In some ways, 16-bit architectures have turned into the forgotten stepchildren of the microcontroller world. When planning strategies, some of the world's biggest microcontroller makers have simply stepped directly from 8-bit to 32-bit, presumably because they believe there's too much overlap between the three markets.
Not so for Microchip Technologies, Inc. and Texas Instruments, which over the past 60 days have rolled out substantial new 16-bit product lines. Two weeks ago, Microchip announced 49 new microcontrollers and digital signal controllers, all of which are based on 16-bit architectures. And on August 30th, Texas Instruments made a similar unveiling, announcing plans to add over 50 new 16-bit devices over the next 18 months.
"There's a notion in the market place that 16-bit is being passed over and everyone's going to 32-bit," notes a Microchip spokesman. "But our latest introductions definitely counter that notion."
Indeed, there's good reason to believe that 16-bit is alive and well. Recent statistics from market watchers Gartner Dataquest, WSTS (World Semiconductor Trade Statistics), and Forward Concepts indicate strong market growth for 16-bit. From 2003 to 2004, they say, 16-bit grew 21 percent, approaching the 8-bit market in overall size.
"By next year at this time, we expect the 16-bit market to top $5 billion a year," says Sumit Mitra, vice president of Microchip Technologies Digital Signal Controller Division. "It's still a good market to be in."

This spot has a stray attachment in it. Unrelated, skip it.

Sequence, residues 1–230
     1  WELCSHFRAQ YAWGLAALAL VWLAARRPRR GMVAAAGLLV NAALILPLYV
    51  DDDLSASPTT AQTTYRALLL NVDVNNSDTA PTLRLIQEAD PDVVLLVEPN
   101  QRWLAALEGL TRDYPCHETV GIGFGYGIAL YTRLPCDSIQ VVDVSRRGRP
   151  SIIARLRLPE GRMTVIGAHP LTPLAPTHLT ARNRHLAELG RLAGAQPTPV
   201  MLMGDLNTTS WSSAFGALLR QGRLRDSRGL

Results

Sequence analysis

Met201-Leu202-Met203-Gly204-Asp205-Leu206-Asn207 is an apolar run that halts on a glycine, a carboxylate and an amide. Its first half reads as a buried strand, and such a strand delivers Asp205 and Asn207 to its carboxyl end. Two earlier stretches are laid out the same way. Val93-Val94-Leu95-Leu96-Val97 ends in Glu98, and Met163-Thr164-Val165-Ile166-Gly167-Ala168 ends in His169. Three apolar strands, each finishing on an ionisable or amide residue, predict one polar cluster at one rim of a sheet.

TI bets on low-power designs
The low-cost of TI's MSP430 ultra-low power microcontroller platform makes it a candidate for applications moving up from 8-bit to 16-bit, say TI engineers.
"It's definitely a 16-bit RISC architecture, but because of its cost, the MPS430 is competing directly against the 8-bit market in some cases," notes Mark Buccini, marketing director for TI's Advanced Embedded Controller Group.
The 14-pin, 16-MIPS MSP430F20 (one member of the MSP430 family), for example, cost $0.49 per 100,000 units, while operating at an active current of just 200 ľA/MIPS.
All members of the MSP430 platform, however, are designed for low-power usage. TI engineers say that devices offer better battery utilization characteristics and longer standby, enabling them to conserve power in high-performance products.
The company says it's targeting the new technology at metering systems and handheld monitors, such as blood glucose monitors, as well as at a host of other applications. For more information about TI's MSP430, go tohttp://rbi.ims.ca/4399-522.
Microchip aims for performance
To meet the demand for 16-bit architectures, Microchip Technologies is rolling out three 16-bit families: the low-end PIC24F; the more powerful PIC24H; and the dsPIC33 digital signal controller. Pricing for the PIC24F starts at $4.55 in quantities of 10,000, while the PIC24H starts at $5.16, and the dsPIC33 begins at $5.43.
For its PIC24 family, Microchip is unveiling 22 devices, offering up to 40 MIPS performance, 16 Kbytes of RAM, and 256 Kbytes of Flash. Similarly, the company's dsPIC33 operates at 40 MIPS with 64 to 256 Kbytes of Flash.
Microchip, which has made its name in the marketplace with its 8-bit microcontrollers, says it expects some of its 16-bit customers to move up from the 8-bit world.
"Some grassroots applications, such as home security systems, are naturally going to migrate up to 16-bit over time," notes Sumit Mitra, vice president of the Digital Signal Controller Division at Microchip. "If you're running out of memory or performance, it's a natural step up." For more information on Microchip's PIC24 family and dsPIC33 family, go to http://rbi.ims.ca/4399-523.